June 16, 2024

Avocado toast and guac are definitely delicious, but there are so many more ways to enjoy this creamy fruit.

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luchezar/E+/GettyImages

Avocados have what appears to be a cult-like following. People are obsessed when it comes to this little, green fat-bomb. From guacamole to avocado toast, we can’t seem to get enough.

Fortunately, this a ‌healthy‌ obsession because avocados are a good-for-you food. Yes, they are high in fat, but about 85 percent is the healthy mono- and polyunsaturated fatty acids, per the USDA. This means they’re calorically dense but it turns out they can actually help with weight management because they keep you satiated.

A serving of avocado (one-third of the fruit) provides 9 grams of fat and 4 grams of fiber. Both nutrients help slow digestion, helping you feel fuller longer. This is in sync with a January 2013 study in ‌Nutrition Journal‌, which found an association between eating avocado and a lower BMI, waist circumference and overall weight.

Avocados are full of nearly 20 different vitamins, minerals and phytonutrients, per the California Avocado Commission. And because they’re packed with fat, they help increase the absorption of fat-soluble nutrients, such as vitamins A, D, E and K.

Find out how to eat avocado with these delicious, unique and easy recipes for when you’ve exhausted all the avo toast and guac iterations.

Deconstructed Guacamole Salad

Sometimes, you just have to go with two classics: guacamole and salad. But what if you could combine the two for a perfect twist? This deconstructed avocado salad has all the ingredients that would go into guac — avocado, tomato, onion, garlic and cilantro — mixed with fresh spring greens and topped with feta and vinaigrette.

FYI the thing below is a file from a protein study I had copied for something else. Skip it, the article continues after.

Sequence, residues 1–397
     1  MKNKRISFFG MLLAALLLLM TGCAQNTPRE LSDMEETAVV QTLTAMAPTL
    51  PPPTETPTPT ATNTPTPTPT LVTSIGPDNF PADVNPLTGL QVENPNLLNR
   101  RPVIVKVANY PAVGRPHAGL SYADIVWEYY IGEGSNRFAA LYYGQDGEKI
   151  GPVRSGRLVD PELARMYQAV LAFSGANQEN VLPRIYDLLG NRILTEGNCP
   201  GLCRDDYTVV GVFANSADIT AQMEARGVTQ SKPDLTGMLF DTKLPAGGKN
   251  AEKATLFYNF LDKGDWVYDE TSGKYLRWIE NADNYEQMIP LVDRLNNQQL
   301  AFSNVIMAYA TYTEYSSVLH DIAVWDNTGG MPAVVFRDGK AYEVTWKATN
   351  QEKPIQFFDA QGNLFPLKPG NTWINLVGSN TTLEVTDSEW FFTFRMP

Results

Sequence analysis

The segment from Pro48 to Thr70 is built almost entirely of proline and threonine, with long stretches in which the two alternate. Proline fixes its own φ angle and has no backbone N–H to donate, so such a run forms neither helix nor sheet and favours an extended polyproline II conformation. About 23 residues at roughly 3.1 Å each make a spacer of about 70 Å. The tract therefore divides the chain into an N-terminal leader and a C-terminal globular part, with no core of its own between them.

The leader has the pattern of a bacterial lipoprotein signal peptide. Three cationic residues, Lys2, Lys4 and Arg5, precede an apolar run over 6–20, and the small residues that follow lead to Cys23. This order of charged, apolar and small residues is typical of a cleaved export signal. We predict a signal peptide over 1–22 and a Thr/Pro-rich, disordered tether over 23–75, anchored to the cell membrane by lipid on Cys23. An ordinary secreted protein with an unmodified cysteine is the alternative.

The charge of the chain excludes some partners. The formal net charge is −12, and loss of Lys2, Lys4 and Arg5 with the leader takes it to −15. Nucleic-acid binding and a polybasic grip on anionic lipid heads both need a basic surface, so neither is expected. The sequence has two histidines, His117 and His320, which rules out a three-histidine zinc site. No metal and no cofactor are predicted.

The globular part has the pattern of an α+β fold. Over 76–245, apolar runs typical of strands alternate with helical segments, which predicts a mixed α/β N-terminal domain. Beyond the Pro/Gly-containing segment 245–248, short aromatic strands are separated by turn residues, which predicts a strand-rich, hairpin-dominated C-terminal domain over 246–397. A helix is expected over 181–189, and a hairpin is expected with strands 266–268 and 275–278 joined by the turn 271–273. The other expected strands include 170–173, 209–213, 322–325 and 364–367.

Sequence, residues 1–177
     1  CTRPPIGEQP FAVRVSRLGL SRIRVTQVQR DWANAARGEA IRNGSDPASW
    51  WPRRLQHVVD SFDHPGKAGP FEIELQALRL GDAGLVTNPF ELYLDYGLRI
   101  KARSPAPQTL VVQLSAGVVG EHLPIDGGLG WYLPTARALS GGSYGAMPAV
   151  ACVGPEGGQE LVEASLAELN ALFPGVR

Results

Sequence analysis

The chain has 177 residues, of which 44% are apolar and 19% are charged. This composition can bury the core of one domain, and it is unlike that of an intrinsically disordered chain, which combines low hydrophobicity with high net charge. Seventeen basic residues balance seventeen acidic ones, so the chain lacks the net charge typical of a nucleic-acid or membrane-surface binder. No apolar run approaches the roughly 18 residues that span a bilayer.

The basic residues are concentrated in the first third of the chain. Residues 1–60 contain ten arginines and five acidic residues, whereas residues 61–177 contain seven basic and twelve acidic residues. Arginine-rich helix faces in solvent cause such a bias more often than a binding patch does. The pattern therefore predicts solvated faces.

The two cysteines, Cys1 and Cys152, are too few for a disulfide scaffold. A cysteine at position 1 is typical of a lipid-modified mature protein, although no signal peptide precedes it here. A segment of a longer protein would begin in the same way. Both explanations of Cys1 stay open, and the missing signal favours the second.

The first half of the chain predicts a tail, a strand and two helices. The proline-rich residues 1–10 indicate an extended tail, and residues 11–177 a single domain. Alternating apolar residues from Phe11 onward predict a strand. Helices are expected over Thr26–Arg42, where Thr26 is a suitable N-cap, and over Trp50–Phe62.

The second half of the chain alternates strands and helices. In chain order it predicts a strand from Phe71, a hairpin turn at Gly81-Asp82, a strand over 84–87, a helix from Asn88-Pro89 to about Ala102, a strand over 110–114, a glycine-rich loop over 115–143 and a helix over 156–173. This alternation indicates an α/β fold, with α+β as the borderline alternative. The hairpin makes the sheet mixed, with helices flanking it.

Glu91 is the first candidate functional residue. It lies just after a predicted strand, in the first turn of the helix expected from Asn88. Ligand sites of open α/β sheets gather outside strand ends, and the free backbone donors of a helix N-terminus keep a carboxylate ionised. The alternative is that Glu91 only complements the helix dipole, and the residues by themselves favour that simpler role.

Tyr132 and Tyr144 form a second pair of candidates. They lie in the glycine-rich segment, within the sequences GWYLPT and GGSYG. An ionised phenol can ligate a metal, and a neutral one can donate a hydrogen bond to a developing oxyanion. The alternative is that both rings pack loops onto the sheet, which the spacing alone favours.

One serving is only 230 calories and 11 grams of carbs. Plus, it even has a little bit of protein (3 grams) and fiber (4 grams).

Tuna Salad-Stuffed Avocado

You’ll enjoy this half-avocado stuffed with tuna salad recipe by blog Love and Zest. It’s so simple yet so filling. Tuna salad minus the bread is a great option if you’re following a low-carb diet. This avocado recipe is also keto-approved because it’s low in carbs and high in fat.

Each serving — a half of an avocado — has 22 grams of fat and 8 grams net carb. Because this is a high-fat recipe, you may want to cut down on the amount of mayo that is being added (if you add any at all), when making the tuna salad.

Avocado Chocolate Pudding

Avocado for dessert? It’s not as far-fetched as it sounds (avocado is a fruit after all). But it’s avocado’s heavy fat content that makes this pudding extra creamy while remaining entirely dairy-free.

Avocado, cacao powder, maple syrup and unsweetened almond milk make for a rich, decadent dessert while still remaining a healthy option. You can also top it with coconut cream for extra sweetness. Each serving only has about 200 calories and includes 8 grams of fiber.

If you have yet to add avocado to a smoothie, you’ve been missing out. This fatty fruit is the secret to the ultimate creamy smoothie. Because it has a light flavor, it blends well with fruits and other smoothie mix-ins without being too overpowering. You’ll really get the tropical essence from the pineapple chunks, orange juice and coconut milk.

One smoothie has about 406 calories, 13 grams of fiber and 8 grams of protein.

Authentic Mexican Tortilla Soup

Traditional tortilla soup is spicy and heavy on the tomato but this version is milder in flavor, and is packed with nutrient-dense ingredients like kale. You can serve it with several different kinds of toppings, like tortilla chips, sour cream, cheese, lime wedges and you guessed it, avocado slices. The avocado adds a light, refreshing touch to cut through the spice.

While the recipe calls for ancho chiles, or dried poblano peppers, don’t feel obligated to add them in if you want a milder flavor. Total calories is abut 333, with only 25 grams of carbs, and 26 grams of protein.